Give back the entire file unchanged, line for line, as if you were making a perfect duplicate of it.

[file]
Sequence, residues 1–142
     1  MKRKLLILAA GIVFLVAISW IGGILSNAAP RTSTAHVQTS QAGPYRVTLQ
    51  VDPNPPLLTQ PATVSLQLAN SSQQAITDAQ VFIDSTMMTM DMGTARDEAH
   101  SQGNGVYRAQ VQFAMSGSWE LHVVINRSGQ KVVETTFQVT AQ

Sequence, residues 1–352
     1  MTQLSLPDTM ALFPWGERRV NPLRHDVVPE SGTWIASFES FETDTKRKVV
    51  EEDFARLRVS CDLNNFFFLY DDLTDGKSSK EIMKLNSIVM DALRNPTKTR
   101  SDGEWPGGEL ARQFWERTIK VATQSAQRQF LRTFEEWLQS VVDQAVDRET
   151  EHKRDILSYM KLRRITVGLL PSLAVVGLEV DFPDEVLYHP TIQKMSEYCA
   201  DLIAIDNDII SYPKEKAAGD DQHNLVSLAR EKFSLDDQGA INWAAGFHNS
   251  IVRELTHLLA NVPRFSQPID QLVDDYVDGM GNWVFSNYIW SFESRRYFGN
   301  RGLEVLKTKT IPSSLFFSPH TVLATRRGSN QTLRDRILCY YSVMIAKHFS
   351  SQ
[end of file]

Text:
Sequence, residues 1–142
     1  MKRKLLILAA GIVFLVAISW IGGILSNAAP RTSTAHVQTS QAGPYRVTLQ
    51  VDPNPPLLTQ PATVSLQLAN SSQQAITDAQ VFIDSTMMTM DMGTARDEAH
   101  SQGNGVYRAQ VQFAMSGSWE LHVVINRSGQ KVVETTFQVT AQ

Sequence, residues 1–352
     1  MTQLSLPDTM ALFPWGERRV NPLRHDVVPE SGTWIASFES FETDTKRKVV
    51  EEDFARLRVS CDLNNFFFLY DDLTDGKSSK EIMKLNSIVM DALRNPTKTR
   101  SDGEWPGGEL ARQFWERTIK VATQSAQRQF LRTFEEWLQS VVDQAVDRET
   151  EHKRDILSYM KLRRITVGLL PSLAVVGLEV DFPDEVLYHP TIQKMSEYCA
   201  DLIAIDNDII SYPKEKAAGD DQHNLVSLAR EKFSLDDQGA INWAAGFHNS
   251  IVRELTHLLA NVPRFSQPID QLVDDYVDGM GNWVFSNYIW SFESRRYFGN
   301  RGLEVLKTKT IPSSLFFSPH TVLATRRGSN QTLRDRILCY YSVMIAKHFS
   351  SQ